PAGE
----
"Femtechs": studies point to "new opportunities" for investors around women's health - 09/16/2022 at 12:16

“Femtechs”: studies point to “new opportunities” for investors around women’s health – 09/16/2022 at 12:16


The “femtech” market, a contraction of “female” and “technology”, would represent 50 billion dollars in 2024, according to Frost & Sullivan.

Women’s health has

long been neglected

and a change begins. It has indeed become today a rapidly expanding ecosystem, from the digital application for monitoring the menstrual cycle to the yoga of hormones, against the backdrop of the take-off of “femtechs”. But it is also becoming a catch-all market, to the point of becoming a business like any other.

A recent report by the consulting firm McKinsey confirms that if women’s health has long been considered a “niche market” – although it concerns half of humanity – things are starting to change. , with the key, also,

“new opportunities” for investors.

The start-ups specializing in this field, born with the rise of new technologies, even have a name:

“femtech”, a contraction of “female” and “technology”.

This market would represent

50 billion dollars in 2024,

according to Frost & Sullivan.

But at the confluence of health, a very supervised sector, and well-being, with much more vague rules: special menopause clothing, fertility herbal teas, food supplements,

the field of possibilities is immense

and does not follow identical rules. Yet this is one of the problems posed by the growing interest of companies in the subject of women’s health: the

lack of scientific validation.

Thus, a medical device must meet strict standards.

Founder of the young shoot Fizimed, which has developed a perineal rehabilitation probe, Emeline Hahn had her product validated via a clinical trial. This is not the case for all of its competitors, she regrets: “Doing a clinical trial makes it possible to

prove the interest of the device and get out of the ‘gadget’ box.

But that represents big investments, which is also why not everyone does it.” “We often talk about CE marking, which indicates that a particular product meets the safety standards in force. But it is not a clinical trial, which proves its effectiveness.

This can be misleading for consumers”,

says the entrepreneur.

“A vagueness” in the European GDPR regulation

Another point of attention, specific to online apps:

the issue of confidentiality.

Because if the European GDPR regulation indeed protects the use of health data, there is “a vagueness in which service providers rush” who will sometimes prefer to speak of “well-being” data, underlines Lydia Morlet-Haïdara, Director of the Law and Health Institute of the University of Paris Cité, digital specialist. In addition, “when you download an app, you accept general conditions of use and give your consent: behind,

it all depends on what you allow.

warns Lydia Morlet-Haïdara. The importance of reading these famous “T&Cs” in detail.

However, the development of these offers comes as a more or less serious response to problems that have been left unsolved for too long. Because women have often been considered as patients with

more or less valid recriminations

by traditionally male physicians. Many studies have analyzed the issue, pointing in particular to the

historical female under-representation in clinical trials.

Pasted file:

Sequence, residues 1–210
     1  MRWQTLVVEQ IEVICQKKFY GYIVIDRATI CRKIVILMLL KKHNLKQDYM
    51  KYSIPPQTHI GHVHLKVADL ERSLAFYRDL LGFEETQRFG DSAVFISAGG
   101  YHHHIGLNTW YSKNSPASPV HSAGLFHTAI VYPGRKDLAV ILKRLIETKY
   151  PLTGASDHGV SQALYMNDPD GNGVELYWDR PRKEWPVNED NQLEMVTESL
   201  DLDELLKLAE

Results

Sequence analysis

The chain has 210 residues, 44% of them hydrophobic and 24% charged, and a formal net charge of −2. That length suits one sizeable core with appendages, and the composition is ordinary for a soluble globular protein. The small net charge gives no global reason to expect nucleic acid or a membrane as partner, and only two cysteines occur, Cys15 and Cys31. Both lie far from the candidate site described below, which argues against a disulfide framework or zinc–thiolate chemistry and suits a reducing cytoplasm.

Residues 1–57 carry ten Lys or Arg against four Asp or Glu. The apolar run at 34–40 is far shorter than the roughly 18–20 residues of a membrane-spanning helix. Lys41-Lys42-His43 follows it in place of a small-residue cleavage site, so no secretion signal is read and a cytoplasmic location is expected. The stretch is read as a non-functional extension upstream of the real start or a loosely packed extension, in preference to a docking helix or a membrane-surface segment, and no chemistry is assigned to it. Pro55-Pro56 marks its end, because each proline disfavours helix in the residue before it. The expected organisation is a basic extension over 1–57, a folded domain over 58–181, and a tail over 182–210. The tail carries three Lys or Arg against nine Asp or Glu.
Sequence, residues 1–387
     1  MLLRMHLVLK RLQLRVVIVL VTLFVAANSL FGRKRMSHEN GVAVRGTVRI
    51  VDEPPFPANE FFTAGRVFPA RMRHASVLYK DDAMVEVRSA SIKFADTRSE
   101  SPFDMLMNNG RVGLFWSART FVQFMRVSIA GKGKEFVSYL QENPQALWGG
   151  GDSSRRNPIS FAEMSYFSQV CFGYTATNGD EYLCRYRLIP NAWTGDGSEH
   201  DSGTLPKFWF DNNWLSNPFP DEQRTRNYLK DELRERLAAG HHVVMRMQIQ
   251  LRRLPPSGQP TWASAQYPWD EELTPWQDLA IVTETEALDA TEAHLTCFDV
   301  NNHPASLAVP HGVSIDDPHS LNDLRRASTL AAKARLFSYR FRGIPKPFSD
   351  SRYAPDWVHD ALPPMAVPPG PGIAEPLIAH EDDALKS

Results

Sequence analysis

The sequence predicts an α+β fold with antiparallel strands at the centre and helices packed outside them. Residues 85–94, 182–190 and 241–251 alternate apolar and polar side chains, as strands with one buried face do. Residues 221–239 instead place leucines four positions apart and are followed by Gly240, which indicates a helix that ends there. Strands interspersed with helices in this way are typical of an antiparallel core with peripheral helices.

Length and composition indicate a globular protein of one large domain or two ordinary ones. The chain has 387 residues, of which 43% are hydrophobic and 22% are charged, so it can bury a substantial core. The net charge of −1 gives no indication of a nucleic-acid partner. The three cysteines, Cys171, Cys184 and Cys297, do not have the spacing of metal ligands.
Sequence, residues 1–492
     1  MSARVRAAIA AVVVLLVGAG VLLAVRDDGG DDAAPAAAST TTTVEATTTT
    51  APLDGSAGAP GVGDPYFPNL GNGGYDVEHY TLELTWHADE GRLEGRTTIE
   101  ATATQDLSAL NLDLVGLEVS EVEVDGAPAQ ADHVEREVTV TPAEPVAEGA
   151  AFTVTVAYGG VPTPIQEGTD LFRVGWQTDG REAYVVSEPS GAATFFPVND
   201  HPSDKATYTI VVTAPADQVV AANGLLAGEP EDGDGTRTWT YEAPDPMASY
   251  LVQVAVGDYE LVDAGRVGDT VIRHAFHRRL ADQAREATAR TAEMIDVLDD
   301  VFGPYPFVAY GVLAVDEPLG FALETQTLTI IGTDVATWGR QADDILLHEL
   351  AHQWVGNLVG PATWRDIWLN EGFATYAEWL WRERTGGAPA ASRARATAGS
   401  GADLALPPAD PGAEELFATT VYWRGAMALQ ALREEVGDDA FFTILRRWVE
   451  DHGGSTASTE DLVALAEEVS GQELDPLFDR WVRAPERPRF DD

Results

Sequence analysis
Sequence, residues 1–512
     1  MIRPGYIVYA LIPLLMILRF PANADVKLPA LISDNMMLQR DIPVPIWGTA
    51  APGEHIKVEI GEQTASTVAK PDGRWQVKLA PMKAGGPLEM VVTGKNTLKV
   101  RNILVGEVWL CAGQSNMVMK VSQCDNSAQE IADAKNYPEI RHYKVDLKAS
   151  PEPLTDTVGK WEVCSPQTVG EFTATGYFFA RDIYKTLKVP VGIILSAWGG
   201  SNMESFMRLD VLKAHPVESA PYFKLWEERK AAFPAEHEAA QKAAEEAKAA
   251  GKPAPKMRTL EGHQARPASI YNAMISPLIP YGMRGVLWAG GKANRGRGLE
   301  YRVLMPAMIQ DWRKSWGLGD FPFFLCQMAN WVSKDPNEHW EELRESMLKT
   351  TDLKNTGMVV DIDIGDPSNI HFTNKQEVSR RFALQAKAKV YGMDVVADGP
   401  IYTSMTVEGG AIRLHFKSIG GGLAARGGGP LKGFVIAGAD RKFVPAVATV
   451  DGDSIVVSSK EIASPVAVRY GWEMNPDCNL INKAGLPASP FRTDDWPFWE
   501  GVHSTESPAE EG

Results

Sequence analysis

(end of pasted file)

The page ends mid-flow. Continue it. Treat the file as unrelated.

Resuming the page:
For Doctor Thomas Borel, director of scientific affairs for the federation of pharmaceutical companies (Leem), if there is no difference today in the desire to include men and women in clinical trials , there is “however a certain deficit in the analysis according to gender”.

A phenomenon that is not without consequences: the McKinsey report notes that women have

“twice as likely as men

to experience adverse effects after taking medication”. Excluding oncology, approximately 1% of research and innovation expenditure in health is devoted to diseases specific to women, continues McKinsey. An emblematic example of the neglect associated with the health of women,


just beginning to become a recognized condition, correctly diagnosed. It is also one of the pathologies at the bedside of which countless apps are looking.

But research remains in slow motion.

“The tree that hides the forest”

This is

The tree that hides the forest,

judge Claudine Junien, professor of genetics and member of the Academy of Medicine. “We say we’re looking after women’s health because we’re talking about endometriosis, but what about other diseases, like autoimmune diseases, where there are significant differences between gender?” she asks. Thus, “women are nine times more likely to develop lupus erythematosus than men. All drug trials should

include both male and female animals”,

pleads the doctor.

There are also cardiovascular risks for women, which remain poorly understood by the general public, deplores Professor Claire Mounier-Vehier, cardiologist, who seeks to promote better diagnosis. “If we communicate with an adapted language,

women will learn to recognize their symptoms,”

she explains. In this context, the new health offers for women “represent a step forward”, says Emeline Hahn. “But if there were to be a problem with certain products that were not clinically tested, it could harm the whole sector,” she said.

As proof, the actress and well-being guru Gwyneth Paltrow distinguished herself a few years ago with “eggs” for vagina from her Goop brand, presented for a time, without scientific validation, as a solution to regulate the cycle. menstrual. Goop was convicted in 2018 for

false advertising.


Back to top